President Biden is depleting the U.S. Strategic Petroleum Reserve (SPR), which is currently at its lowest level in 37 years. On July 26, 2022, the U.S. Department of Energy announced an emergency sale from the reserve of up to 20 million barrels, which will go through the end of October, just prior to the mid-term election in November. And, along with that announcement, Goldman Sachs revised its forecast for gasoline prices upward to $5 a gallon by the end of the year. Previously, its price forecast was at $4.35 a gallon. That’s because despite the Biden SPR releases, the market must still balance demand with tight supplies. According to Goldman Sachs, a sustained $5 price should eventually solve the market deficit. The $5 gas price is accompanied by a Brent futures price expectation of $130 a barrel.
Skyrocketing natural gas prices in Europe resulting mainly from Russia’s supply cuts due to sanctions Europe placed on Russia for its invasion of Ukraine have prompted many industrial consumers, including refiners and power plants, to switch from natural gas to oil. Natural gas has been reaching prices of $60 per million Btu, equivalent to oil prices around $360 a barrel. Scorching temperatures have also increased demand for air conditioning, particularly in the Middle East, where a significant amount of oil is used during summer to generate electricity. The combination of relatively lower oil prices and the continued reopening of economies are also expected to increase oil consumption. As a result, the International Energy Agency has upped its world oil consumption increasing by 2.1 million barrels a day this year, or about 2 percent—up 380,000 barrels a day from its previous forecast.
Here in the United States, the lack of an inventory buffer for gasoline and diesel at a time when refiners are heading into their maintenance season is also expected to aggravate the supply outlook for these fuels.
Releases of Oil from the U.S. Emergency Reserve
On March 31, 2022, the Department of Energy announced an immediate release of one million barrels per day for six months from the Strategic Petroleum Reserve that was to be coordinated with international allies and partners. The six months was orginally expected to end in September, but the July DOE announcement mentioned above indicates the releases will go through the end of October, placing oil supply from the emergency reserve on the market right up until the mid-term election. So the reprieve of high price gasoline will be short-lived as the U.S. emergency reserve is being depleted, particularly of high-quality oil.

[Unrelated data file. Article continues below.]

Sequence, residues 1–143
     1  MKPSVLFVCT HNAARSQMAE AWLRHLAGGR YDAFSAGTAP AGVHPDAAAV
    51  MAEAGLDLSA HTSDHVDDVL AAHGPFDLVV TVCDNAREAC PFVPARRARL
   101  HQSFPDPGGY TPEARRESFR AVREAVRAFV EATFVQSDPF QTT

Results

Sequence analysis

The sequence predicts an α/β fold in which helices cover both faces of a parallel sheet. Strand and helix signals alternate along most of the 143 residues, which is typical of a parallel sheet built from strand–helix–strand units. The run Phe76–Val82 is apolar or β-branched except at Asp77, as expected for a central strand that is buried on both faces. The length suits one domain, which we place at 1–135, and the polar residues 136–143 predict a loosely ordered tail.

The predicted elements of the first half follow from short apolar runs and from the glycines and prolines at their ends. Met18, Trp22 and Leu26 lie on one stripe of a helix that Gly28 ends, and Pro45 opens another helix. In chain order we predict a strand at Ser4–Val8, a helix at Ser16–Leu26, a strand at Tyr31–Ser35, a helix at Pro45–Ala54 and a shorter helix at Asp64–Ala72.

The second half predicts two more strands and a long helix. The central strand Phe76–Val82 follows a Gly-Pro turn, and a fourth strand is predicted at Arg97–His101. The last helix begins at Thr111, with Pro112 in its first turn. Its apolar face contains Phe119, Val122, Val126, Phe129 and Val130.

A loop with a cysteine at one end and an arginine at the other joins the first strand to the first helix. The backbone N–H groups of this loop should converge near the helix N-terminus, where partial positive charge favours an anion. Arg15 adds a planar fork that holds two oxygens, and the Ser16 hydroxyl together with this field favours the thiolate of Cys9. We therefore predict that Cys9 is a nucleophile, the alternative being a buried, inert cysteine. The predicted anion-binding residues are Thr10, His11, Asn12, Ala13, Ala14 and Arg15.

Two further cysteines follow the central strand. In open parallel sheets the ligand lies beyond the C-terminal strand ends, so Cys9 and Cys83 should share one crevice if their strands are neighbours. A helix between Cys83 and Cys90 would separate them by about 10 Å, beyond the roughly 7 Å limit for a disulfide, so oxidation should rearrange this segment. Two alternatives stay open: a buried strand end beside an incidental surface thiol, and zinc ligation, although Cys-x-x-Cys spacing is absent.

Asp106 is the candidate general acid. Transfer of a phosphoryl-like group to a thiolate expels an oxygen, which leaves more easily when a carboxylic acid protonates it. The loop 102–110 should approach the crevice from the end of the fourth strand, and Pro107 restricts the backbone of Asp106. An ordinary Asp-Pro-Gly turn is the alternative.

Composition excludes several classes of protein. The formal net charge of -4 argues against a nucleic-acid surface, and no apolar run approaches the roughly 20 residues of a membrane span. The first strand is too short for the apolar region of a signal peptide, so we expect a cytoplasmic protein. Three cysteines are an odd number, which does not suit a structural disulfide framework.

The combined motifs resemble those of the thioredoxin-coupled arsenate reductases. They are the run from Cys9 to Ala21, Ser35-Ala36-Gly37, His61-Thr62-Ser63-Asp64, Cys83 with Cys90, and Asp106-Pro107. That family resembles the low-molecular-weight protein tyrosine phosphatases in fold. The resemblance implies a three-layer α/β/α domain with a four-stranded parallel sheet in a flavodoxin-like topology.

The SPR basically contains two kinds of crude: medium-sour, and light-sweet. The medium or light designation refers to the oil’s density, the sour and sweet designation refers to its sulfur content. Typically, U.S. refiners prefer medium-sour crude, which is a variety they can easily process into gasoline and other products due to their highly sophisticated plants. Medium-sour is the quality of oil pumped by Russia, most Middle Eastern countries and Venezuela. Over the last year, 85 percent of the oil the SPR has sold has been medium-sour, according to government data. In early May, there were more sweet barrels of oil left inside the SPR than sour: 235 million barrels vs. 234.9 million barrels. (See graph below.) By the end of October, the SPR is estimated to have only 179 million barrels of medium-sour quality oil. During the period June 2021 to October 2022, the United States is expected to sell about 180 to 190 million barrels of medium-sour oil from the reserve.
The Biden administration described the most recent SPR sale as a bridge to get supply and demand in balance as domestic producers increase output. “We want to make sure that bridge is as long as it can be and as flexible as it can be so that we can deal with further challenges as we have them,” such as hurricanes, Deputy U.S. Energy Secretary David Turk said. The withdrawals as of early August pushed SPR’s supply down to 464.6 million barrels, the lowest level since 1985 when U.S. demand was significantly lower than today. According to Turk, DOE will use money from the current sales to buy oil back at lower prices. When that will happen has not been determined.
At the current rate, the United States is selling more barrels from its emergency reserve than the production of most medium-sized OPEC countries, such as Algeria or Angola, or twice as much as the U.S. derives from Alaska. This is expected to shrink the reserve to a 40-year low of 358 million barrels by the end of October, when the releases are due to stop. A year ago, the SPR, located in four caverns in Texas and Louisiana, contained 621 million barrels. When those releases end just before Election Day, gasoline prices will start increasing and if the Goldman Sachs forecast is correct, they will be back at $5 a gallon by the end of the year.
If Biden’s latest SPR sales are successful in reducing the reserve by 180 million barrels, the SPR will be at 50 percent of its capacity and have only 179 million barrels of medium sour oil available for further sales to cover legitimate emergencies, such as hurricanes. That leaves little room for Biden to deal with escalating gasoline prices that Goldman Sachs is forecasting by the end of the year. The Biden administration has very cleverly added supply to the market to reduce gasoline prices by using the SPR and continuing the sales just until Election Day. The answer to Biden’s high gas price problem, however, is not SPR releases, but favorable oil policies that allow U.S. oil producers to have greater access and less regulation. Unfortunately, his so-called Inflation Reduction Act did not provide much favorable policies. Rather, it increased royalty rates and fees on federal lands and added a hefty methane fee on producers, while his administration continues to block oil and gas lease sales on federal lands and waters.